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China to stabilize grain production

Updated: Nov 17,2020 08:47 PM    english.www.gov.cn

Efforts should be made to avoid using farmland for purposes other than growing grain and pursue stable food production, according to a circular issued by the General Office of the State Council on Nov 17.

Safeguarding national food security should be the first priority in work related to agriculture, rural areas and farmers, the circular said.

As China's cultivated lands are small in size, the circular stressed using those limited resources in a science-based and reasonable manner, by allocating them first for growing crops to ensure food security and an effective supply of important agricultural products.

Special protection is needed for cultivated lands, use of which should be based on an order of priority, and there should be strict control over converting them into forest lands, garden plots and the like.

The circular called for enhanced supervision of functional grain production zones, which should accommodate designated crops at sufficient levels.

To achieve a steady planting scale, regions featuring a balance between grain production and sales and major grain purchasing areas should craft specific plans in light of regional layout and variety-based production, supply requirements for important farm produce and work on solid implementation to reverse the decline in grain planting.

The circular proposed encouraging industrial and commercial sectors to invest capital in cultivation of improved crop varieties, food processing and circulation, and specialized services related to grain production in the countryside.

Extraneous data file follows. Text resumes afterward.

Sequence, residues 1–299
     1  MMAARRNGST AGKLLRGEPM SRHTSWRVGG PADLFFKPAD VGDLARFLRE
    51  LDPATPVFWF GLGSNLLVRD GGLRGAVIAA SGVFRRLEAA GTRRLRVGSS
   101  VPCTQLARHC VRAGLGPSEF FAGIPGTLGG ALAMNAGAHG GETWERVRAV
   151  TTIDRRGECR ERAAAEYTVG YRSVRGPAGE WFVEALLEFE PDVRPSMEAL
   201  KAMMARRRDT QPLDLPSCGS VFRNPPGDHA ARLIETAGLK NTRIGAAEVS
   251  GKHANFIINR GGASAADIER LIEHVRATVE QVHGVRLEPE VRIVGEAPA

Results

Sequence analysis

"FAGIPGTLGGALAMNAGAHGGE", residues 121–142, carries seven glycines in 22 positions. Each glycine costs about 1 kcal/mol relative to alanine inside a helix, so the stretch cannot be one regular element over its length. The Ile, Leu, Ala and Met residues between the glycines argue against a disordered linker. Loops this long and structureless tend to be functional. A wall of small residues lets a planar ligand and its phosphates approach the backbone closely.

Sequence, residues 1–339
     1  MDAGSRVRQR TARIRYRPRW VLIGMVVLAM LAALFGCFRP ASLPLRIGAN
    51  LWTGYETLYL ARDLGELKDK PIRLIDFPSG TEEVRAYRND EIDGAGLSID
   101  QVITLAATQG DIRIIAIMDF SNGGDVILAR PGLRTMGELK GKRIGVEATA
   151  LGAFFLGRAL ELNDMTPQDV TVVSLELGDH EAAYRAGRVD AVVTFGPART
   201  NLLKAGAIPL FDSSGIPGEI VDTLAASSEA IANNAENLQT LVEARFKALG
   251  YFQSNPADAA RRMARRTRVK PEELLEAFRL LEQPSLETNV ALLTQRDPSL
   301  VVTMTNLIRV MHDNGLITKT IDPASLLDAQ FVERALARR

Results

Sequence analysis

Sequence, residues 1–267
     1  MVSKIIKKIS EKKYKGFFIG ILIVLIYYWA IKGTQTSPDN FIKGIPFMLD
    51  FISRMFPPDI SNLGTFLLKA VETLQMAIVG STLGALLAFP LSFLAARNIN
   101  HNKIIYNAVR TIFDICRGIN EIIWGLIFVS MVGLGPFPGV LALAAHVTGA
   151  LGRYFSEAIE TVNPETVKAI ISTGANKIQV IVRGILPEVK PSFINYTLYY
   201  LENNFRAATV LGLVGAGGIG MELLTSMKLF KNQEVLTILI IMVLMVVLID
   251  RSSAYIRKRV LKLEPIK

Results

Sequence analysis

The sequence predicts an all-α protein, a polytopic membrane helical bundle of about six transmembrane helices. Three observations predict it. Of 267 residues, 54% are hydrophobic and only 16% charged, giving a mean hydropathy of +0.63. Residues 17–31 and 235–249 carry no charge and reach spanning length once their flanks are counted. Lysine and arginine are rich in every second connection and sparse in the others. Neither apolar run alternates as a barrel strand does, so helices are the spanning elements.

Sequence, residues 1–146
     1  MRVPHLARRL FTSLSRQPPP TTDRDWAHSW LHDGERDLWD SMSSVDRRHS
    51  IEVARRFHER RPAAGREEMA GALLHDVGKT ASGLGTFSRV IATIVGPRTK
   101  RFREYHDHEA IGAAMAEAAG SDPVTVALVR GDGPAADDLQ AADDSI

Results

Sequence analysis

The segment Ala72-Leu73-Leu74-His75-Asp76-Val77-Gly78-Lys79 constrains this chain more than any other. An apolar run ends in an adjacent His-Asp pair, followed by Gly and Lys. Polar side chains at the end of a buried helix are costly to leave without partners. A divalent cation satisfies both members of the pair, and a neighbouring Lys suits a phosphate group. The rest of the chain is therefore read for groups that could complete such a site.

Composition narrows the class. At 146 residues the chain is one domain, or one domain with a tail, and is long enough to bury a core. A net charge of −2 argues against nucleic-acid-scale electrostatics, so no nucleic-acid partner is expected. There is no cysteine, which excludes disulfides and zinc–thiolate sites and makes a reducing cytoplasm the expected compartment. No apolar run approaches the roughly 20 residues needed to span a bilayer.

To curb illegal occupation of permanent basic farmland to plant trees or build fish ponds, laws and regulations should be in place to specify punishment for violators.

Supporting food production also requires matching accountability systems, with provincial governors chiefly responsible for local food security, as well as incentive mechanisms that offer rewards to counties with the largest grain output and compensation to major grain producing areas.

For monitoring, the Ministry of Agriculture and Rural Affairs and the Ministry of Natural Resources should harness modern information technology, such as satellite-based remote sensing, to launch semiannual surveys of crop farming on cultivated land across China, and disclose any use of such land for non-grain purposes.

Province-level governments should formulate plans for stabilizing grain production without delay and report implementation progress to the State Council before the end of 2020, the circular added.

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